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Ghanta and Karna were brothers in some sources, but the older rakshasa was called by both names, Ghantakanta, as the myths were about him. Ghanta’s myth was nested within several others and modified in sectarian versions com­peting over who was the supreme deity, Siva or Vishnu.
Ghantakarna came into being because Siva had to create a terrible demon to correct a misuse of a boon that he had granted to Mandodari, wife of a demon named Daruka. The story goes like this: Daruka had done austerities (tapas) in order to gain a boon from Brahma and then used it to make life miserable for the devas (gods). They in turn sought relief from Siva, who created Bhadrakali from his third eye. Bhadrakali killed Daruka and left his wife Mandodari grieving. Mandodari then did severe tapas and won a gift from Siva, some drops of sweat from his body. Siva told her that these drops would cause smallpox to anyone upon whom they were sprinkled. So of course the demoness Mandodari, as god­dess of smallpox, made her first victim Bhadrakali. As Bhadrakali suffered from a life-threatening case of smallpox, (Siva created the rakshasa Ghantakarna to help her. Ghantakarna had the power (sakti) to lick the smallpox from her body. However, Bhadrakali stopped him before he licked her face, pointing out that Ghantakarna and she were brother and sister, since both were from Siva, and it would be wrong for Ghantakarna to lick the face of his sister.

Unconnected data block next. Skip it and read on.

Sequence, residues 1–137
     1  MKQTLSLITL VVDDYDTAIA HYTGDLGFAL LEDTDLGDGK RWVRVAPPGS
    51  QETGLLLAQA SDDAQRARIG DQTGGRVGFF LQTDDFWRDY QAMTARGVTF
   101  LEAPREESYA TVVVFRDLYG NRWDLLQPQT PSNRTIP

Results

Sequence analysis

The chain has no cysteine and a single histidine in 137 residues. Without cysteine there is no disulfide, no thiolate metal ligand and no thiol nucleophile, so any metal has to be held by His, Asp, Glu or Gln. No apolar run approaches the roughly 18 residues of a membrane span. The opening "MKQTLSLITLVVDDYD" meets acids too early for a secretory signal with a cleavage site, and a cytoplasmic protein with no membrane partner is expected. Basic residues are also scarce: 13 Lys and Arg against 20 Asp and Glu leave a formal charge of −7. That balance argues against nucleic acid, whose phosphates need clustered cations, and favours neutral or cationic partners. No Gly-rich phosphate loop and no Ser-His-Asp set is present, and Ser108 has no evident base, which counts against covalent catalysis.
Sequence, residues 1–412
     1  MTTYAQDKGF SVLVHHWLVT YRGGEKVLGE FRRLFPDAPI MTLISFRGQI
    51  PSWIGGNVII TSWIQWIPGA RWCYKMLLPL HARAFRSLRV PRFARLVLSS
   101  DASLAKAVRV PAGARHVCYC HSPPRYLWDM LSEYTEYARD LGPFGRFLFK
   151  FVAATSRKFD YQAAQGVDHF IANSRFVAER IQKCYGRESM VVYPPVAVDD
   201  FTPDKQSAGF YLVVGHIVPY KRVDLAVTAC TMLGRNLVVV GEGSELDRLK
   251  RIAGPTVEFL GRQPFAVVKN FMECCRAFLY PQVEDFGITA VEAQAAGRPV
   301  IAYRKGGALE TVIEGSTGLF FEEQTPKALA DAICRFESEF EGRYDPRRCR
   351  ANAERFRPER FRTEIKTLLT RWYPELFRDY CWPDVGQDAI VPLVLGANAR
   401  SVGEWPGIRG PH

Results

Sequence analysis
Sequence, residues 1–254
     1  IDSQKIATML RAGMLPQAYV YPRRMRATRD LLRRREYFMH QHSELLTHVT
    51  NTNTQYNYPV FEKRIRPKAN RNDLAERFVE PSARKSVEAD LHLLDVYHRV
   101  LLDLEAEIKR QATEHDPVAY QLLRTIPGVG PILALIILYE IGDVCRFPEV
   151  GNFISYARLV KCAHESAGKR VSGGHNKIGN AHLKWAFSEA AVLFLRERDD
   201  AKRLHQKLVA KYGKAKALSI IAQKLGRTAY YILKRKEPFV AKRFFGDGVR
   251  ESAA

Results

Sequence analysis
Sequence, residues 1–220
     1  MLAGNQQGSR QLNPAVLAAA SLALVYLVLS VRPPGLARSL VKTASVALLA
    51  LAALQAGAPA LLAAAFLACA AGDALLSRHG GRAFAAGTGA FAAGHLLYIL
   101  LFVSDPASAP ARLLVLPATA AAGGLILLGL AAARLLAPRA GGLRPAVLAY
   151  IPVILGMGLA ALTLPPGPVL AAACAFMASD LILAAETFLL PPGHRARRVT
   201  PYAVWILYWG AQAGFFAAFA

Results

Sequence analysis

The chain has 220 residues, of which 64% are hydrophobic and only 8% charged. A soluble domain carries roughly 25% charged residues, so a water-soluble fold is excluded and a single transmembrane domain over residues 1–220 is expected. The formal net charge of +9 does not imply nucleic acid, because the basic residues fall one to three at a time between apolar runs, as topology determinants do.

Ghantakarna at first took Vishnu to be his enemy. He put bells (ghanta) in his ears (karnas) to prevent hearing any mention of Vishnu. However, Siva instructed Ghantakarna that Vishnu was greater than he ((Siva). So Ghantakarna became a devotee of Vishnu and sought to obtain salvation from him. One day Shri Krishna was meditating at a hermitage called Badarya-asirama and heard the sounds of Pisacas, hungry souls of the dead, and their hunting dogs. They were led by Ghantakarna, who was reciting the name of Vishnu (a practice called japa). Krishna blessed him and appeared as Visivarupa, the all embracing form of the supreme lord of the universe. At once Ghantakarna brought the best offering a rakshasa knew to give, a dead corpse of a brahmin. Krishna looked past the gift into the heart of this demon and touched his body. Immediately the demon lost his form and entered Vaikuntha, Vishnu’s paradise.
Ghantakarna’s image with eighteen hands is worshipped in Vaishnava tem­ples as the god who cures diseases that result from one’s own sins. Ghantakarna was the rakshasa who became a deva.